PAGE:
Gary Lynch has his own approach:

Regarding Dave Kellogg's question, "Other than the TinyPrintF I cited above, what other implementations exist for a lightweight printf()?":

I have never used printf() in an embedded application because it is such a memory hog. After digging around inside I discovered this trait had mainly to do with the variable-length argument list--a feature I didn't need; and that I only needed it (and scanf()) to convert numbers from binary to human-readable form (and back), to support serial comms or an HMI. Over the years I developed a library of functions to take its place. The following snippet converts a 16-bit unsigned int to ASCII-coded decimal, using only the stack:

/* ===================================================== */
void uInt2UDec(U8BIT *buf, U16BIT val, U8BIT len, U8BIT zPad) {
  U8BIT i;
  if(len > 5) /* U16BIT can hold 5 chars: 65535 */
    len = 5;

/* + + + + + + + + + + + + + + + + + + */
/* Build string from right to left, */
/* lsd-first, left-padding with zeros */
/* + + + + + + + + + + + + + + + + + + */
  buf += len - 1;
  for(i=1; i<=len; i++) {
    *(buf--) = val % 10 + '0';
    val /= 10;

/* + + + + + + + + + + + + + + + + + + */
/* If val would not fit in len chars, */
/* Fill field with '*' */
/* + + + + + + + + + + + + + + + + + + */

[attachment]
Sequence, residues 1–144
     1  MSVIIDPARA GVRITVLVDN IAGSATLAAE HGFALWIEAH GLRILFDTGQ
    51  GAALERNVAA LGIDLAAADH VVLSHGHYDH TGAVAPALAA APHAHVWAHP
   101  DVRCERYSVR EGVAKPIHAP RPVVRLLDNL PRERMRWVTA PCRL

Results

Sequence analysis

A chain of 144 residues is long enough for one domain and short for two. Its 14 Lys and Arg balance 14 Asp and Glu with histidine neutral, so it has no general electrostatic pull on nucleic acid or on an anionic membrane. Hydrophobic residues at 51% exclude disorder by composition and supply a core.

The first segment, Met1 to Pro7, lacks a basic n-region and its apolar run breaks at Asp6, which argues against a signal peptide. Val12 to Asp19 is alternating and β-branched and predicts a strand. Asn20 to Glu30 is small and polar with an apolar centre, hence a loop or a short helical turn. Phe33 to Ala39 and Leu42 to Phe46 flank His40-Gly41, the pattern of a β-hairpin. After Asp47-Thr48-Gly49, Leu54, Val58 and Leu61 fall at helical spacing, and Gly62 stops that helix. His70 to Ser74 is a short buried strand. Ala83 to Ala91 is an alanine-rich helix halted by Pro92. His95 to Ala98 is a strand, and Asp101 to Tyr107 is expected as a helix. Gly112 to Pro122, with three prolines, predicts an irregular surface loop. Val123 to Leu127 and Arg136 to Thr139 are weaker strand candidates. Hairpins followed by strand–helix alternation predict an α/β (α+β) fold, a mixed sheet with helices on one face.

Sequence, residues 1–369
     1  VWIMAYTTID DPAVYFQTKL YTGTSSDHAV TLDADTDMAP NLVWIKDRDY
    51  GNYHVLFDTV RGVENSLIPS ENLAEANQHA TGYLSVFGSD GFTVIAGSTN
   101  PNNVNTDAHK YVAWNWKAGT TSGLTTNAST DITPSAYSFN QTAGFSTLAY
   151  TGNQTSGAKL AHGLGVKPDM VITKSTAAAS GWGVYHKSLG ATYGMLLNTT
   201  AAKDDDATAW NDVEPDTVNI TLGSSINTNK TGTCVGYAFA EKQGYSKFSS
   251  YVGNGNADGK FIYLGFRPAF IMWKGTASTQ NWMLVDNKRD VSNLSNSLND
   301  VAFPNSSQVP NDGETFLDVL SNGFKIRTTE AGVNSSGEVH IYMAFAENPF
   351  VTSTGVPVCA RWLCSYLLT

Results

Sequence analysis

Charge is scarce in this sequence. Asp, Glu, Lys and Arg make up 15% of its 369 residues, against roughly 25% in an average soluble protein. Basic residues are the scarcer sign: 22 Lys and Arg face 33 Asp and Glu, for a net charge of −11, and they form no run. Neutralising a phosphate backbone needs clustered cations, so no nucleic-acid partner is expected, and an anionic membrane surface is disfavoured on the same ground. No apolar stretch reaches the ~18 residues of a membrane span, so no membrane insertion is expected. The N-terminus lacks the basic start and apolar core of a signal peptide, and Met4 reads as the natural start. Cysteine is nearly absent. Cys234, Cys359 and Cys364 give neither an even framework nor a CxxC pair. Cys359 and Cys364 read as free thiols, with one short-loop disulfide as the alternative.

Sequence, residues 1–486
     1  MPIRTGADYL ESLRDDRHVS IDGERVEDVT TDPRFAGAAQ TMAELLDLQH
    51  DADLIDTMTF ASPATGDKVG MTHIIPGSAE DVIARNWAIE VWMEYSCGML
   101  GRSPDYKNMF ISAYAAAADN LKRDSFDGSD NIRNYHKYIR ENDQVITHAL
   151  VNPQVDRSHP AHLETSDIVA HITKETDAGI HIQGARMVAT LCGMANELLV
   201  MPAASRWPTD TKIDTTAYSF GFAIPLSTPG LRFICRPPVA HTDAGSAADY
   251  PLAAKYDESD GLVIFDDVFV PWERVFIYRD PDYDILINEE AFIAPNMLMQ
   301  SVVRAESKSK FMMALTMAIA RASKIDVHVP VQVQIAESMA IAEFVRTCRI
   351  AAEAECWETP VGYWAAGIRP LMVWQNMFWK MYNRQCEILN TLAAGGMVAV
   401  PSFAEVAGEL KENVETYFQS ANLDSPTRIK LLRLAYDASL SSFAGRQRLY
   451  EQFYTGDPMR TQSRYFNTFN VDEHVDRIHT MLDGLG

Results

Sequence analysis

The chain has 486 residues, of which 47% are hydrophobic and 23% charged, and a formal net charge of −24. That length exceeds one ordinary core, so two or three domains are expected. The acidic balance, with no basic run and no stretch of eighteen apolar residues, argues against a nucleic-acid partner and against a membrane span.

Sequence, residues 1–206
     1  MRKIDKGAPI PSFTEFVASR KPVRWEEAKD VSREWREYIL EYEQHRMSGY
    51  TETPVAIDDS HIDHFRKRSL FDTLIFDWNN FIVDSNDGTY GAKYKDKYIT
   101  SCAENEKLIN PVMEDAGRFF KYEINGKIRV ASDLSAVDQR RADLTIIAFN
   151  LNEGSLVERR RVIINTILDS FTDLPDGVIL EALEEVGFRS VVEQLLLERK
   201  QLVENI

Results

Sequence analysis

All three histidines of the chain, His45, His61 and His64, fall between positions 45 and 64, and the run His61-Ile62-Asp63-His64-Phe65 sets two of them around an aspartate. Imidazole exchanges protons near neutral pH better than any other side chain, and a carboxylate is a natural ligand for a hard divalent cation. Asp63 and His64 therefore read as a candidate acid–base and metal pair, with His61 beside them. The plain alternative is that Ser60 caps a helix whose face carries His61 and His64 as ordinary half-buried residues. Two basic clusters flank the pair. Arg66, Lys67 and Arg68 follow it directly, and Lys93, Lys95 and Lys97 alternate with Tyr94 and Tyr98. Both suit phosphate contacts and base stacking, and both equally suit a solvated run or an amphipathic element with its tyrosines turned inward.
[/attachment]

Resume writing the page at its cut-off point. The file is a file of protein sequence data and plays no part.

if(val != 0) {
    memset(buf, '*', len);

/* + + + + + + + + + + + + + + + + */
/* If calling function wants zero- */
/* padding, we are done. */
/* + + + + + + + + + + + + + + + + */

/* + + + + + + + + + + + + + + + + */
/* Else replace leading zeros with */
/* space character */
/* + + + + + + + + + + + + + + + + */
  for(buf++, i=1; *buf== '0' && i < len; i++)
    *(buf++) = ' ';
  } /* END uInt2UDec */

By putting all the functions in a library, I only link what I call into the app.

I have never found it necessary to use floats, as only expensive micros have a floating point unit and doing float math in software can blow away any hope of executing in real time. If I must measure current to 2 decimal places, I convert the ADC result to centiamperes. If you pass 65432 cA to uInt2Dec(), the buffer gets the following result:

       i: | 0 | 1 | 2 | 3 | 4 | 5 |
  buf[i]: | 6 | 5 | 4 | 3 | 2 |   |

If you then move the '4' and '5' 1 byte to the right and stick a '.' in buf[3], you're done!

Sergei Akhmatdinov suggests ee_printf:

Just wanted to reply to the question from Dave Kellogg on the latest Muse.